Abbott: My artworks are primarily made from layers of paper. However, I often include a multitude of different globally sourced and hand cut materials, including fabrics, feathers and other found objects. I love to travel and often source my papers from boutique stores I find in different cities and countries. On many of the papers you will find hidden printed imagery that has been sourced from photographs, artworks, movies, books and countless other resources. To unify the series I have also added eight pendants, each one engraved with the title of the piece and reflecting the theme and aesthetic of the artwork.
Sounds like there are several elements happening just on one sheet of paper, let alone the entire piece! Speaking of, the series is said to stimulate all five senses. Can you share a bit about how that will be accomplished?
Abbott: I loved the idea of showcasing my art in an exhibit where people would be able to see, hear, touch and taste it. In order to make this happen, I collaborated with an interactive designer, a music producer and a culinary artist to ensure each piece uniquely engages us through all five senses. Touch will be stimulated through the highly textured artworks, taste/smell through the gastronomical pairings of food and beverages, sight through the interactive maps and time-lapse videos and sound through the custom soundtracks that have been written for each piece.
That sounds so fascinating! I’m very intrigued by this idea. But, tell me, why did you want to include things like music and food in the show? What do you think including those elements adds to the experience?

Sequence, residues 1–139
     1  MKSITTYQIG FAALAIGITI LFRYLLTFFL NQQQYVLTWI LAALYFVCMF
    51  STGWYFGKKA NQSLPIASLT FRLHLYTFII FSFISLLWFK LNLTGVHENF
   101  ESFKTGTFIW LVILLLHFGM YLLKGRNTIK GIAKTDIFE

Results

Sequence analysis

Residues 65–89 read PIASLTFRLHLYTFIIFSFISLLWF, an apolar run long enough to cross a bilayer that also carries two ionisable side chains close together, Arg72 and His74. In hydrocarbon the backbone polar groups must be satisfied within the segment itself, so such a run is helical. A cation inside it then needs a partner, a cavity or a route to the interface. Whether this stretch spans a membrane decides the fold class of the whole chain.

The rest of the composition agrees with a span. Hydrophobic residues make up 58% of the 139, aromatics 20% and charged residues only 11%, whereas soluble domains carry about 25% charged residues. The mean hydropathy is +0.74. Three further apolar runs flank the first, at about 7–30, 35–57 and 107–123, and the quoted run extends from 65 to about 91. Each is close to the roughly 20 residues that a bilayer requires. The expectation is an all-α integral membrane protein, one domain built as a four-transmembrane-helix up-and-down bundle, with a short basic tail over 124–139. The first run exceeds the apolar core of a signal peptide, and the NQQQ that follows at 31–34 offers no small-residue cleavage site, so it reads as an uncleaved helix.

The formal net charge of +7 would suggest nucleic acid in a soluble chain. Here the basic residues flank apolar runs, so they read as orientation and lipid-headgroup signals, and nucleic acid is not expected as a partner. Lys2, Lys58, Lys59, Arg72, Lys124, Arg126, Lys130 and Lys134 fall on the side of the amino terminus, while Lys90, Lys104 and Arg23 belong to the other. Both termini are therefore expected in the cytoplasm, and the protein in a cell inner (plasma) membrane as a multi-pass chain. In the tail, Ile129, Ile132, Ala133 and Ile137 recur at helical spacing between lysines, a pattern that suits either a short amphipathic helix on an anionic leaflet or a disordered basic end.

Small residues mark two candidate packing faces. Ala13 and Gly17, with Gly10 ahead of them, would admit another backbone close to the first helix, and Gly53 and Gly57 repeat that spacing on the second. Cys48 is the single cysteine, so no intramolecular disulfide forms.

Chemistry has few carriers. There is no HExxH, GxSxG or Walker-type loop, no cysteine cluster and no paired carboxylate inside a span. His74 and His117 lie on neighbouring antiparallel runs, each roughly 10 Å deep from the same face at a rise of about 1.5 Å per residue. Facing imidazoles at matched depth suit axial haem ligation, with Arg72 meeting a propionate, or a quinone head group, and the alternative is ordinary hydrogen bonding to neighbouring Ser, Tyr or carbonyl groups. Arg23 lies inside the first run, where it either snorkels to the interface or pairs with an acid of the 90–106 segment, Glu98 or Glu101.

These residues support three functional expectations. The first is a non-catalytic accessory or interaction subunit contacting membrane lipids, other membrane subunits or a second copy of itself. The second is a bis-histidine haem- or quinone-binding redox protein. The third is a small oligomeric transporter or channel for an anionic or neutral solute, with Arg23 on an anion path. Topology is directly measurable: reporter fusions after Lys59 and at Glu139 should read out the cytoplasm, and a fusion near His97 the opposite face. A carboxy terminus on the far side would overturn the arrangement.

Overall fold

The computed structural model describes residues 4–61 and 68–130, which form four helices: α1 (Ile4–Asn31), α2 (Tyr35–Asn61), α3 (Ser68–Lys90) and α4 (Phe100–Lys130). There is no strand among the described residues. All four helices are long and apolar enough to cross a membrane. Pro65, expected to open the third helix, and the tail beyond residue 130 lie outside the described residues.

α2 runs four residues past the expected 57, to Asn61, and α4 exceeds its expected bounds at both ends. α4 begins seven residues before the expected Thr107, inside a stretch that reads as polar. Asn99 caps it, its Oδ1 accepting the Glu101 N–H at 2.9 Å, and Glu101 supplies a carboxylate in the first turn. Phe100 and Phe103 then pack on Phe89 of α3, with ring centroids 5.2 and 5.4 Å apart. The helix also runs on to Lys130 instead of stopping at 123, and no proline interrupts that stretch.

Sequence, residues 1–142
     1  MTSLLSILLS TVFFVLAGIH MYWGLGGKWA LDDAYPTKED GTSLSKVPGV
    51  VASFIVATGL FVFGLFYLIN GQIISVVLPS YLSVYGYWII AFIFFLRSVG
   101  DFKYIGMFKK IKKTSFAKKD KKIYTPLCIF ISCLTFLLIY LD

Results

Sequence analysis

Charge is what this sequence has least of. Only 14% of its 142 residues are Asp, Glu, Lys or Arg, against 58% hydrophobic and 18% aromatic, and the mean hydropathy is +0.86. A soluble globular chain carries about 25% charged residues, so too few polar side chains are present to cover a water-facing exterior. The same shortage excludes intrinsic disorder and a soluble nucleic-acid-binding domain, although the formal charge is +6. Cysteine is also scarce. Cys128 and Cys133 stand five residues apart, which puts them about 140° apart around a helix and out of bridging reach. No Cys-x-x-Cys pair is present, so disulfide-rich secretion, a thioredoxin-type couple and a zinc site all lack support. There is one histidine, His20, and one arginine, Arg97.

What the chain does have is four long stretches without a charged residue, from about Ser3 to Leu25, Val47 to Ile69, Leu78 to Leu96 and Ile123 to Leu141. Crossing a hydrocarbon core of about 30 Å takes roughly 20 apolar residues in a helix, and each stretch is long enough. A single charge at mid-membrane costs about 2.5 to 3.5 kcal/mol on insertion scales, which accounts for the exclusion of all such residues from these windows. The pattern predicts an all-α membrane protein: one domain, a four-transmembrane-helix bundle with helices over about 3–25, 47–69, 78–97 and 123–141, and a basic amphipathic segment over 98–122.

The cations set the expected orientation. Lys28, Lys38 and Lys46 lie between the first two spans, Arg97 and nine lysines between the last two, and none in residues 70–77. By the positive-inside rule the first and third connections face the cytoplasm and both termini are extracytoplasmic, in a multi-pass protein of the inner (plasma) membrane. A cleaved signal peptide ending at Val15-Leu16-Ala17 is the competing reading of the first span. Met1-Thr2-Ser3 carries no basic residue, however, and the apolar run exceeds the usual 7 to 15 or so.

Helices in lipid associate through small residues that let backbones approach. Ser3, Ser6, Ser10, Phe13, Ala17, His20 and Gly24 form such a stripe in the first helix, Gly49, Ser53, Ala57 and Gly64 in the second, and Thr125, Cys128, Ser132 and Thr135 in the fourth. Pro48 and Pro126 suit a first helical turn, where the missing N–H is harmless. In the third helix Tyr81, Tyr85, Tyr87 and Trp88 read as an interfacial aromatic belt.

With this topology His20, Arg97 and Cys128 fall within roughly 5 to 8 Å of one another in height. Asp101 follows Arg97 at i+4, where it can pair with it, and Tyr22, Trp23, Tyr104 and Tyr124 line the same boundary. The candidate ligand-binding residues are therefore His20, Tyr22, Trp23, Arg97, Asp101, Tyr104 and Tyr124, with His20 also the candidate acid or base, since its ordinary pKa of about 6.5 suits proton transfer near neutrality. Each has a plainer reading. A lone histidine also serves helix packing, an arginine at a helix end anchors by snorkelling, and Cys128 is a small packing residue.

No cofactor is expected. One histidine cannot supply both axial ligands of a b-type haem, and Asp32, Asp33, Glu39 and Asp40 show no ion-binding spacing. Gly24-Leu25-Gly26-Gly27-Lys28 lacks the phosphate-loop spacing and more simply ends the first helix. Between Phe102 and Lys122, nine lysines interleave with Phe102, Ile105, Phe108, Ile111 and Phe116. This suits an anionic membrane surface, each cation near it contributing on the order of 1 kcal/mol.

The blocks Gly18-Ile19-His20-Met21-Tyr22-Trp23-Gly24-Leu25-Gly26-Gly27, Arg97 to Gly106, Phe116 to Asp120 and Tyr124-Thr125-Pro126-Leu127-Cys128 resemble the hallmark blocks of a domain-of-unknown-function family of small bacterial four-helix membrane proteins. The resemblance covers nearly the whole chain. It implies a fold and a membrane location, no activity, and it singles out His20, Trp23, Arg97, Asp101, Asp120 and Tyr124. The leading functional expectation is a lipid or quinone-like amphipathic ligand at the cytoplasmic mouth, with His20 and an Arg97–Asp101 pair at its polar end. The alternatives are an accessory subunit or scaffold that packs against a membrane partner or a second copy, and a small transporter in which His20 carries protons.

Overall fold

Abbott: As an experiential learner, I understand how important touch and interaction are for me to engage with and understand an idea or concept. Art is no different, especially when it has a story to tell. A great artwork can move and impact someone in amazing ways. I had already created story maps for my pieces. But when my partner, who is an interactive designer and UX developer, suggested taking it to a whole new level by making the maps interactive and having them link to resource material, I was like, “Hell yes! When can we get started?” Once we had that train rolling, it felt right to bring in other elements that would equally stimulate other senses. I believe that by adding food and music to support the art, people’s engagement and understanding will increase tenfold as they are able to experience the artwork on a much deeper level and through multiple stimulation points.
This show, obviously, features themes that are somewhat biographical to your life, as well as showcases your preferred materials and style. But, as a whole, how do you feel this collection showcases you as an artist?
Abbott: As an artist I believe it will showcase my technical ability with my medium, but hopefully also my skill as a storyteller.
Finally, what do you hope viewers will experience from the show?
Abbott: I hope people will be excited and intrigued. I would love them to come away with a new sense of fascination and/or interest, whether it be in art or in one of the themes that I present in the show. Each piece is meant to be an experience that provokes and triggers conversation and connection, with me (the artist) or perhaps the person standing next to them. Each piece will immerse you with the different images, textures, sounds, videos and tastes, so you come out learning something from that piece or being able to relate to it from your own experiences. I think people may be surprised and intrigued by what they discover in the artworks within this series. I know I have learned a lot about myself as I’ve created them!